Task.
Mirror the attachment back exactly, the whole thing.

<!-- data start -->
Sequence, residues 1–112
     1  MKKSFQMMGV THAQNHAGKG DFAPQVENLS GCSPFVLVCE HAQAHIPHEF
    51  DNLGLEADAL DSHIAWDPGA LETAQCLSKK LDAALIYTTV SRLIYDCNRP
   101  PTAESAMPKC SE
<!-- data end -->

Sequence, residues 1–112
     1  MKKSFQMMGV THAQNHAGKG DFAPQVENLS GCSPFVLVCE HAQAHIPHEF
    51  DNLGLEADAL DSHIAWDPGA LETAQCLSKK LDAALIYTTV SRLIYDCNRP
   101  PTAESAMPKC SE